Trigger Happy: Setting League Transaction Limits

Glen Hoos


Matt Read



Confession: I've got a bit of an itchy trigger finger.



I'm always scheming new ways to improve my chances. Not surprisingly, I'm one of the most frequent traders in my keeper league, and I've already burned through more than half my transaction bid money in the Dobber Pro League, with Christmas still in front of me (though a slew of injuries is partially to blame for that).


That's my team management style. But today I'm taking off my manager's hat and putting on my stylish commissioner's chapeau, and the question of the day is: how does one determine appropriate transaction limits for a fantasy league?


I've played in leagues that run the gamut from no transactions allowed (the team you draft is the team you end the season with), to no limits whatsoever. Some leagues have a trade deadline; others don't. Some allow trades between teams but no pick-ups from the waiver wire; others allow daily add/drops and implement complex waiver priority systems.


Usually, my guiding principle is, WWGD? (What Would Gary Do?) I kid, of course – I'm not a big fan. But I do ask, WDNHLD? What does the NHL do? On the face of it, the answer is obvious: while the NHL does have limits on roster size and the total number of players an organization may have under contract, there's no fixed limit on the number of transactions a team can make per season. So implementing a transaction limit may strike some as artificial and unrealistic.


But as is often the case, it's not as easy as just adopting NHL rules for my fantasy league. The reality is, though there's no legal limit on transactions in the NHL, there are practical limits. You just don't see NHL teams dropping three players from their roster and replacing them with three new ones on a weekly basis, which is a familiar scenario in fantasy leagues that allow a free-for-all. In the NHL, a team's roster at the end of the season is rarely more than 20% different than the one it iced to start the year, and most of those changes come from within the organizational system (call-ups from the minors, etc.) So while a transaction limit may seem like a foreign concept, the net result may be a fantasy league that operates more like the NHL.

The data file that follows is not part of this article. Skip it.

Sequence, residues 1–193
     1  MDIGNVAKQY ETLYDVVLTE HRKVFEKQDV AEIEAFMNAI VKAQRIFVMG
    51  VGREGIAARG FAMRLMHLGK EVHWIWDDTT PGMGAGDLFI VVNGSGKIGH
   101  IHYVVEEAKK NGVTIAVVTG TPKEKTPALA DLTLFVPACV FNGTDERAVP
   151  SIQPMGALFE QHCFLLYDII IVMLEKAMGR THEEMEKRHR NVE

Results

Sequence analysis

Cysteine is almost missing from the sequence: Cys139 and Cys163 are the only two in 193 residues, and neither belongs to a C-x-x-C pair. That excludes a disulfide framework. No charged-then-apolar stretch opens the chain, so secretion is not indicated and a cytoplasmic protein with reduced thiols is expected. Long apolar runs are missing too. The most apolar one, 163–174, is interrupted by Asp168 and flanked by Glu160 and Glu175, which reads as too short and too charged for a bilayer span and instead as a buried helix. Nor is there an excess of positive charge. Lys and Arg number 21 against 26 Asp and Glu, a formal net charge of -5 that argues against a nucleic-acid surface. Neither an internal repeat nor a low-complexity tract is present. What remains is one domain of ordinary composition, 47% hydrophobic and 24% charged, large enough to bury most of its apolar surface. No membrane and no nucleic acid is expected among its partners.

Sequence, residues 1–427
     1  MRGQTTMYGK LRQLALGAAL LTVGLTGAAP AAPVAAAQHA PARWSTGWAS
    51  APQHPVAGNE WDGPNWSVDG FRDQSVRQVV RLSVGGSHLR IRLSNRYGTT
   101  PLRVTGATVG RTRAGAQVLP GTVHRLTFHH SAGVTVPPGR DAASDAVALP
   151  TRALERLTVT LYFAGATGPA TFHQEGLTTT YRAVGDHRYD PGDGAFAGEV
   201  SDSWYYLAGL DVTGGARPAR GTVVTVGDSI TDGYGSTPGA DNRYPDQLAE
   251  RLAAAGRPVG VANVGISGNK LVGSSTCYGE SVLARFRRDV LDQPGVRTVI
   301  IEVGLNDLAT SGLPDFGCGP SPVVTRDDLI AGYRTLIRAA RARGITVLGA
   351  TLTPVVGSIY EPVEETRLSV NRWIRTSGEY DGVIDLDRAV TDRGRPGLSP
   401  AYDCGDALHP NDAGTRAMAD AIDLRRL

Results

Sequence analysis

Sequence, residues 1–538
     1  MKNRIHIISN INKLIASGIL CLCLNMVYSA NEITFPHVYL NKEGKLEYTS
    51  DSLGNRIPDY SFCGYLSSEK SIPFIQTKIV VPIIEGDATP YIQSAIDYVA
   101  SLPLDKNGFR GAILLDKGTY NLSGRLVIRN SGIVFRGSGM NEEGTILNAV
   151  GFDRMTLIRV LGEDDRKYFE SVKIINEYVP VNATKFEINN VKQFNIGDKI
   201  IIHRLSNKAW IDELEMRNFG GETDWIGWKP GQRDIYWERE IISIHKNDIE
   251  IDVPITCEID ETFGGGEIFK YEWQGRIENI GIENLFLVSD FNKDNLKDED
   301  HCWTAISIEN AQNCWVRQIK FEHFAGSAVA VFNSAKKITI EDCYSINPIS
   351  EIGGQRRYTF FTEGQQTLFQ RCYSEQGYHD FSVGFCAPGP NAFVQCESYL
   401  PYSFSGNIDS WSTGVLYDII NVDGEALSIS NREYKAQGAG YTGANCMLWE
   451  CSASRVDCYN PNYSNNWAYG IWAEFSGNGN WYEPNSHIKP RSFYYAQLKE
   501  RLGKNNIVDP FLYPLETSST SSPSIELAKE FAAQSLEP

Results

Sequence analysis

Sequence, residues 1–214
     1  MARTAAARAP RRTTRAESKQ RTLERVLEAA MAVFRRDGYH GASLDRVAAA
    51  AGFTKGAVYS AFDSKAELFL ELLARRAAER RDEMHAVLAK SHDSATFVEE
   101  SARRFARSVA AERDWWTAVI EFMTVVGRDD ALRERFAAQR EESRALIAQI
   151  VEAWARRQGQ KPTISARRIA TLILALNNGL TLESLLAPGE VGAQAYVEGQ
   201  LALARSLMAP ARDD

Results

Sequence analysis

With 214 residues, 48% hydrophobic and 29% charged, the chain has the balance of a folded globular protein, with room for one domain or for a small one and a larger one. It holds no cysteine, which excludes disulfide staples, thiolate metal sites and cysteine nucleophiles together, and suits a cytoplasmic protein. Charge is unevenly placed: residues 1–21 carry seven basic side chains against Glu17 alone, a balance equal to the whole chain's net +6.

It’s always tricky to examine an issue like this in isolation from other rules, because no rule exists in a vacuum. Always consider your rulebook as a whole, and think through how your various rules will play out in conjunction with one another. The suggestions I make here could very well change depending on the circumstances of your league. So, rather than giving you my opinion right now, I'll lay out some factors for you to consider as you mull your approach to transaction limits. Then, at the end, I'll let you in on my general approach to this thorny issue.


Questions to Consider


Philosophy: What kind of league do you want? Do you want it to be like the stock market, with assets (players) being shuffled in and out of your portfolio (roster) like penny stocks? Or do you favor a slow build approach more typical of the NHL, in which teams are built primarily through the draft and during the off-season, with relatively little turnover from October through May? In other words, which thrills you more – the frantic excitement of day trading, or the la